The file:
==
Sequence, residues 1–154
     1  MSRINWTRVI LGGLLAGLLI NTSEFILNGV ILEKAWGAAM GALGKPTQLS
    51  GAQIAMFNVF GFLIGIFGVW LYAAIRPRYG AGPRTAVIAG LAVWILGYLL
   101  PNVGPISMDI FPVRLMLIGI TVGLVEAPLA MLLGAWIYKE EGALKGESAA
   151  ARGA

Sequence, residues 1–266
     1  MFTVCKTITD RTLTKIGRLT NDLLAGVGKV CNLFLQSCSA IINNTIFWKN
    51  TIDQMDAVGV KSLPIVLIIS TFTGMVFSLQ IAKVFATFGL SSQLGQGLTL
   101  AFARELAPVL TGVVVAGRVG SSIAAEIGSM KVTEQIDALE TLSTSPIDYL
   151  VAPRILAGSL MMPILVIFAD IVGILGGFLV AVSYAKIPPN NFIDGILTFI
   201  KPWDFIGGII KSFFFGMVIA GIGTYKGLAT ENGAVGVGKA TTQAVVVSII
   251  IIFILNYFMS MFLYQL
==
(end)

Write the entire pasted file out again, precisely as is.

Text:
Sequence, residues 1–154
     1  MSRINWTRVI LGGLLAGLLI NTSEFILNGV ILEKAWGAAM GALGKPTQLS
    51  GAQIAMFNVF GFLIGIFGVW LYAAIRPRYG AGPRTAVIAG LAVWILGYLL
   101  PNVGPISMDI FPVRLMLIGI TVGLVEAPLA MLLGAWIYKE EGALKGESAA
   151  ARGA

Sequence, residues 1–266
     1  MFTVCKTITD RTLTKIGRLT NDLLAGVGKV CNLFLQSCSA IINNTIFWKN
    51  TIDQMDAVGV KSLPIVLIIS TFTGMVFSLQ IAKVFATFGL SSQLGQGLTL
   101  AFARELAPVL TGVVVAGRVG SSIAAEIGSM KVTEQIDALE TLSTSPIDYL
   151  VAPRILAGSL MMPILVIFAD IVGILGGFLV AVSYAKIPPN NFIDGILTFI
   201  KPWDFIGGII KSFFFGMVIA GIGTYKGLAT ENGAVGVGKA TTQAVVVSII
   251  IIFILNYFMS MFLYQL